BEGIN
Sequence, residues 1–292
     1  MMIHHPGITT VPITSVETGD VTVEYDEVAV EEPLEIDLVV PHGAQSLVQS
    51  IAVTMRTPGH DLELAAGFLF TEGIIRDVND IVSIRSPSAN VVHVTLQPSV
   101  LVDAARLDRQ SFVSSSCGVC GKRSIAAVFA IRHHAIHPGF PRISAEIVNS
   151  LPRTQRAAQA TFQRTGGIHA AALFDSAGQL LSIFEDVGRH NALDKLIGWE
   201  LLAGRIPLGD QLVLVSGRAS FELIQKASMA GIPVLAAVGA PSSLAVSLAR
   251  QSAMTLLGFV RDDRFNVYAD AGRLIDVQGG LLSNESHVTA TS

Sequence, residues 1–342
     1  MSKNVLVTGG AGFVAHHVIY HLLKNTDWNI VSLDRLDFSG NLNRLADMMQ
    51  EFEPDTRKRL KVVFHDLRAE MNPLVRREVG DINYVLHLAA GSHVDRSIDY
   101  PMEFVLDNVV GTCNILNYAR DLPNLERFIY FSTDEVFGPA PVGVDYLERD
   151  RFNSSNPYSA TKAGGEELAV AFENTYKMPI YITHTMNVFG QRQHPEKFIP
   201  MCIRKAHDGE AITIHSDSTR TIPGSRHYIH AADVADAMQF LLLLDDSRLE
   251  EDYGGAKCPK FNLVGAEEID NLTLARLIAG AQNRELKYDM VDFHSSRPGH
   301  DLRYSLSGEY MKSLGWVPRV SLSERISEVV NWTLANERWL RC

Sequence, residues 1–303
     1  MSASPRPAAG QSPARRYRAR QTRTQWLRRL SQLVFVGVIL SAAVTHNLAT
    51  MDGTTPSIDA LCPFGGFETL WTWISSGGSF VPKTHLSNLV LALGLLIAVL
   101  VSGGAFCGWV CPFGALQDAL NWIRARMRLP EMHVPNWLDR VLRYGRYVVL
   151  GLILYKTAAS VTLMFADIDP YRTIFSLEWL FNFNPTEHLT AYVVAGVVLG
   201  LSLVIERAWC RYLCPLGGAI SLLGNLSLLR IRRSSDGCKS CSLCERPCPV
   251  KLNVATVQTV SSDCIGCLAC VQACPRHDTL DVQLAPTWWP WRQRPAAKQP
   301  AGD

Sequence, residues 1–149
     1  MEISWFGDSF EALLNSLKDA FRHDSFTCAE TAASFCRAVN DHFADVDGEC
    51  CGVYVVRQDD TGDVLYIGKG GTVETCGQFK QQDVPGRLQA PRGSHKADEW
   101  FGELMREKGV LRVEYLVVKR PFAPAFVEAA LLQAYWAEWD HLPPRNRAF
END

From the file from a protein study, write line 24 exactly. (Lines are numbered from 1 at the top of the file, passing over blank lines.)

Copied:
Sequence, residues 1–149